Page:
Music filled with expression savors Masur's rich legacy

N.Y. Philharmonic music director ending his tenure in fine musical form

May 21, 2002|By Tim Smith | Tim Smith,SUN MUSIC CRITIC

Kurt Masur is currently winding down an 11-year tenure as music director of the New York Philharmonic. By most accounts, a battle of wills between the music director and the (now former) executive director led the board of directors to terminate Masur's evergreen arrangement for renewing his contract.

It apparently boiled down to a who's-really-in-charge issue, and an administrator won out over an artist. Never a good sign.

At 74, Masur still has a lot to offer. The London Philharmonic and Orchestre National de France will be the beneficiaries after this season, while the New York ensemble welcomes Lorin Maazel to the podium (and many folks just scratch their heads in amazement).

On Saturday afternoon at the Kennedy Center Concert Hall, the Masur legacy could be savored in a presentation by the Washington Performing Arts Society. The New York Philharmonic played with a discipline and depth of expression that reflected his masterful touch.

The two works on the program reflected his sense of perspective. Both were by former philharmonic music directors, making the event a kind of aural family tree. Gustav Mahler, whose brief tenure with the orchestra left an indelible mark, was represented by his Symphony No. 1. Leonard Bernstein, the orchestra's first American-born music director (Maazel will be the second) and certainly the most sensational, was represented by his Serenade (after Plato's `Symposium').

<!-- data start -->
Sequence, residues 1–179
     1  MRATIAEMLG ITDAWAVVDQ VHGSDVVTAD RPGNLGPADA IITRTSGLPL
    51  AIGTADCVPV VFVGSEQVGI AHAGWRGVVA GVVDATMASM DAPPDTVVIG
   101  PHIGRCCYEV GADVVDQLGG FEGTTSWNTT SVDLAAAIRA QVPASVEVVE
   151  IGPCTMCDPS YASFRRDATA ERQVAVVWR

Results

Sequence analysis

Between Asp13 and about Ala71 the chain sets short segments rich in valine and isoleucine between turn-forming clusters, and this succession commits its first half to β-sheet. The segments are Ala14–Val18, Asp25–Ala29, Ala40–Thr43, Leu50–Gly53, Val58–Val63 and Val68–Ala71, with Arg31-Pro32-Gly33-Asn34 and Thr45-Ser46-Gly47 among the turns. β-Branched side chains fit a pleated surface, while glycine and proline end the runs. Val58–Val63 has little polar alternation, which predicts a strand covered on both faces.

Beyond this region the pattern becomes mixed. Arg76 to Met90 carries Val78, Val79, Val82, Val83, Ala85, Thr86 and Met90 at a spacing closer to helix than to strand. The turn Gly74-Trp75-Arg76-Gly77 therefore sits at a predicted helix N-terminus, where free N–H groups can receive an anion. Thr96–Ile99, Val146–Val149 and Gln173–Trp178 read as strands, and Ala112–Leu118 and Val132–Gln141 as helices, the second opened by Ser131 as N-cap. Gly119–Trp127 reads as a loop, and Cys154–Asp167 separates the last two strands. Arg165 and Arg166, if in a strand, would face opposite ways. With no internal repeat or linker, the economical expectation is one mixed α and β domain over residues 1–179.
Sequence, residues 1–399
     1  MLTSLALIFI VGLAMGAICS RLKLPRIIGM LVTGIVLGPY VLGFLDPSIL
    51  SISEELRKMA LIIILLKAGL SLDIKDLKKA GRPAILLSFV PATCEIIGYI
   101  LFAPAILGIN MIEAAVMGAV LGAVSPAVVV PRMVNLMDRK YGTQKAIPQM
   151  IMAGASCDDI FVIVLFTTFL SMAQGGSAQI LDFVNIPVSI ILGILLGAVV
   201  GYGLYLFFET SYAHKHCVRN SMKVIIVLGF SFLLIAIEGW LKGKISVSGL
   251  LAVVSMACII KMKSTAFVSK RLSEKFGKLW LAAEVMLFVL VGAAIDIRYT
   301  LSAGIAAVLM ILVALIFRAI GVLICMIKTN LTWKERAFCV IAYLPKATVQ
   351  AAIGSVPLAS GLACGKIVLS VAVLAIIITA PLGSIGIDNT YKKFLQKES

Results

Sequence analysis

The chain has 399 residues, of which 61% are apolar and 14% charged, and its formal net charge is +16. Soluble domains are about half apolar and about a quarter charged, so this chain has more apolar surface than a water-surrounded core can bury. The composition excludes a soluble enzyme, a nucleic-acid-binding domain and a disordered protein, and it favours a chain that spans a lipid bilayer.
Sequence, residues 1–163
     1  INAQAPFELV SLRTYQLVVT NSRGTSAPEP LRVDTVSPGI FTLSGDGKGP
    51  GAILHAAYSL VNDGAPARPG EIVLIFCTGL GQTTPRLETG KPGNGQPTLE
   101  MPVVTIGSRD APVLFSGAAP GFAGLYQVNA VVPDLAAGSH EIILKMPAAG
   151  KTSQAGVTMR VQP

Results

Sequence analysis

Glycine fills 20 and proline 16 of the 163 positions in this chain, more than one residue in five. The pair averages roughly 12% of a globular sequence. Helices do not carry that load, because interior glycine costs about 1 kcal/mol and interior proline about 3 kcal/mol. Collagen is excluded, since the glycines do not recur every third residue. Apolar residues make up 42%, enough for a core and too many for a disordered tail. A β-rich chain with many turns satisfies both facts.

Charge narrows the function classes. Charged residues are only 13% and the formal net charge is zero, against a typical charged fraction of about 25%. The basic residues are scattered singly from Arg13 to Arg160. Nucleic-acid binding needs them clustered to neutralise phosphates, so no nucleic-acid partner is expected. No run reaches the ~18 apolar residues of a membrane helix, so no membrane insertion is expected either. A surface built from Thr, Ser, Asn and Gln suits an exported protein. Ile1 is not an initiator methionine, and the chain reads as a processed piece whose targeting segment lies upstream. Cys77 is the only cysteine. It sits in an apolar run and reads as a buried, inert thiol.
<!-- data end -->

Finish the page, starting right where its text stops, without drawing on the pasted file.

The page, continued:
Bernstein's 1954 score for violin, strings, harp and percussion finds the composer at his most original. There's a hint of West Side Story in it, both in the soaring, lyrical lines for the violin and the sudden outbreak of jazzy riffs in the last movement. But what gives the work its depth is the brilliance of the thematic development and the cohesiveness of its structure.

Glenn Dicterow, the philharmonic's invaluable concertmaster since 1980, played with an effortless technique and exquisitely shaded tone. Masur's partnering and the philharmonic's response couldn't have been more supportive.

After Bernstein's world of philosophers and poets came Mahler's world of poets and peasants. From the awakening of spring and jaunting country dances to the sardonic funeral march and cosmic explosion of the finale, this First Symphony holds a wealth of emotions.

Masur unleashed them effectively, if sometimes with a little too much control and neatness. The opening could have used more mystery, the second movement more rhythmic freedom. There were many pleasures, though, especially the gentle shaping of the rapturous theme that rises up in the finale.

With the Washington Opera's curtain-time beckoning next door, I had to opt for musicus interruptus and missed the last, brassy blaze, but I heard more than enough to reconfirm Masur's musicianship and the splendid effect it has had on his orchestra.

Sunday concert

The Handel Choir of Baltimore turned to Brahms on Sunday afternoon at Kraushaar Auditorium. His German Requiem, with its combination of solemn reflection and comfort, finds the composer at his most inspired and inspiring.

The performance, conducted by Elam Ray Sprenkle, was characterized mostly by propulsion and dramatic emphasis, perhaps because the chorus had an easier time singing loudly than softly. More in the way of lyrical beauty, subtlety and breadth of phrasing would have enhanced the experience.

Greater technical control on the part of the choristers would have helped, too. The sopranos encountered strain; the men's voices lacked body. But at its best, the choir conveyed the music's heart. So did ethereal-voiced soprano Hyunah Yu and sensitive baritone Steven Rainbolt. Most of the time, the orchestra proved effective.

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